Plenty of people know about the history of English football, but for most the stories of Jewish fans and players have been left out. Author Anthony Clavane is putting that right with his new book, launched with a debate at the Jewish Museum, writes Matthew Rhodes.
Clavane’s Does Your Rabbi Know You’re Here? is, as the book’s subtitle makes plain, “the story of English football’s forgotten tribe.” It lays out the story of one particular immigrant community’s successful integration into British society.
Basing its 11 chapters on specific individuals – from Louis Bookman to Mark Lazarus, David Pleat, Roman Abramovich, and the current Chairman of the Football Association David Bernstein – Clavane also shines his considerable footballing and historical expertise on many lesser known figures who have contributed to the Jewish influence on the beautiful game, right up to the present day.
After reading an extract from the book, Anthony engaged in a discussion with former FA chairman Lord Triesman, and took questions from the 100 strong audience. Lord Triesman talked warmly about his childhood love of football and his lifelong passion for Tottenham Hotspur – the club more than any other associated with Jewishness.
Lord Triesman and Clavane both also reminisced about early experiences of their individual passion for football helping them to dream about bigger and brighter futures, but also mentioned moments of being made to feel like outsiders – with the author recalling the moment he was beaten up on The Kop, by fellow Leeds fans, at Elland Road in the early 70s for “not being from round here.”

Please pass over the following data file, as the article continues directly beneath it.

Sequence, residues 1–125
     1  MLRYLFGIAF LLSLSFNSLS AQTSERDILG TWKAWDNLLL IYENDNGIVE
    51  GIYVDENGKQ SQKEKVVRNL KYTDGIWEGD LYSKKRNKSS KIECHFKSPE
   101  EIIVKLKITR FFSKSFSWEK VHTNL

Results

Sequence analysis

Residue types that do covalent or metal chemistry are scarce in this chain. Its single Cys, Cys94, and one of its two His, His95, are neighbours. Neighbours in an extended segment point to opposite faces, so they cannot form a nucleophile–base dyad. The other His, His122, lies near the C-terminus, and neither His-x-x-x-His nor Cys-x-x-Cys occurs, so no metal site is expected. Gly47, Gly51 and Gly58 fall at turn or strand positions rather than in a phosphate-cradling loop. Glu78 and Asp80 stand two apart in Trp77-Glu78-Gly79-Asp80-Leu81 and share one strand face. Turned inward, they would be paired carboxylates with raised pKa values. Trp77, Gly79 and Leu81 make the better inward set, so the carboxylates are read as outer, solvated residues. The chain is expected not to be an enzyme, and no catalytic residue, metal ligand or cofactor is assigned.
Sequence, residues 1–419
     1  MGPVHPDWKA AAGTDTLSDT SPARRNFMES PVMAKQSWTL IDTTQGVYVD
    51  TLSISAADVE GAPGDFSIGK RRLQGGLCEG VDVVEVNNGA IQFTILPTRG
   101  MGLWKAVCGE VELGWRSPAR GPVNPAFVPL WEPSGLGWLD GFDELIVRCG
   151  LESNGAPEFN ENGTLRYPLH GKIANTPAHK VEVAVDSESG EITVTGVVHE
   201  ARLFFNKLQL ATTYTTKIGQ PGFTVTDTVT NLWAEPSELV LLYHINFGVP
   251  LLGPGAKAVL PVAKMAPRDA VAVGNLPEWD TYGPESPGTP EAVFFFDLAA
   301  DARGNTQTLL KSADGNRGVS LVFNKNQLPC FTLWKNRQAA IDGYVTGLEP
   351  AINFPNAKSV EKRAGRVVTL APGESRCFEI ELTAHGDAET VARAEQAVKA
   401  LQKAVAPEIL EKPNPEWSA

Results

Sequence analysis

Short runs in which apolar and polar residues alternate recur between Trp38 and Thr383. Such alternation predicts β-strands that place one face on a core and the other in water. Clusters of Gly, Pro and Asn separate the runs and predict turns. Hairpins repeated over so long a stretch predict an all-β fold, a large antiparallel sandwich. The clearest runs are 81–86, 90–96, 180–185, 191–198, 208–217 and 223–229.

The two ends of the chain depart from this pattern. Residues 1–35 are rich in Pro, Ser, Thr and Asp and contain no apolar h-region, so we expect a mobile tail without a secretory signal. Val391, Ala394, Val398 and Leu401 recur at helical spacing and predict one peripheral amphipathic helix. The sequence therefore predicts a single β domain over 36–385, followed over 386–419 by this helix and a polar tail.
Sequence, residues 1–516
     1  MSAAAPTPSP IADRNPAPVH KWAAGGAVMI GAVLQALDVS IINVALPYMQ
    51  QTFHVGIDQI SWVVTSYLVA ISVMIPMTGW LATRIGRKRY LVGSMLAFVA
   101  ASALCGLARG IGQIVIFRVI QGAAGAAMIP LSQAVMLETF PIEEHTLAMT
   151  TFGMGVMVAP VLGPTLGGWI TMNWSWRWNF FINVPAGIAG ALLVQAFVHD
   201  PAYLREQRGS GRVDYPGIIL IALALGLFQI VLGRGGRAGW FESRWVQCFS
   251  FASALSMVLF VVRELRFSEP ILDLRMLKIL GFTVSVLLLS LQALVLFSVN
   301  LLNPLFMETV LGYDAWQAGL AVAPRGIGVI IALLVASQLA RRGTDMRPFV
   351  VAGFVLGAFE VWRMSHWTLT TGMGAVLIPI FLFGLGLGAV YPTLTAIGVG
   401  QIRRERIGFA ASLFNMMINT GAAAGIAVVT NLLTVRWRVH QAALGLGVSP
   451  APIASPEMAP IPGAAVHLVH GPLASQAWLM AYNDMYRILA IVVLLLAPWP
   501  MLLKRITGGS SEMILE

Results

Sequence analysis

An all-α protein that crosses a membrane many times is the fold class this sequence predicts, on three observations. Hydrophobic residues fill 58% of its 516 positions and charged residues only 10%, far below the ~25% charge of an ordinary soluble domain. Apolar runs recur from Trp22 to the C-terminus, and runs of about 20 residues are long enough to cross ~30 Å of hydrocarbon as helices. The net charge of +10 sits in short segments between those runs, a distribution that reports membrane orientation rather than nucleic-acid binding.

Interestingly, at a time when the issue of racism in English football has reached incredibly high prominence once again, Lord Triesman said that after speaking out recently about the ineffectiveness of the establishment’s response to the John Terry case, he has been subjected to the worst anti-semitic attacks of his entire professional life.
There was a warm discussion, prompted by contributions from the audience, about the different but aligned experiences of Jewish footballers and fans working in and going to football over the last 50 years. Barry Silkman, the last British-born Jewish footballer to play professionally in the English top division (30 years ago), talked about how growing up in a tight-knit East End community prepared him for the challenges of plying his trade in top flight football without many fellow travellers. Morris Keston, a successful Jewish businessman, who was named “Superfan” such was his devotion to Spurs (he even pretended he was an Anglican once so that he could travel with the team on a tour to Egypt, which did not allow Jews inside its borders) regaled the audience with stories of his life following Tottenham and how close he became to the players and successive mangers.
The night was due to end with us all watching the second half of Poland v England in the World cup qualifier from Warsaw, which was eventually postponed due to a waterlogged pitch. Sitting listening to people talk about the way they had become mesmerised by this quintessentially English game and how their participation had in many ways ultimately led them to feeling intrinsically part of English society, the irony of the disappointment in the room at the game being called off was not lost on me. In fact, perhaps the usual English sense of the weather having intervened (even in Poland) actually rounded off the evening rather nicely.
iThe Jewish Museum is planning an exhibition next year on Jews and football. Check the Jewish Museum website for more details.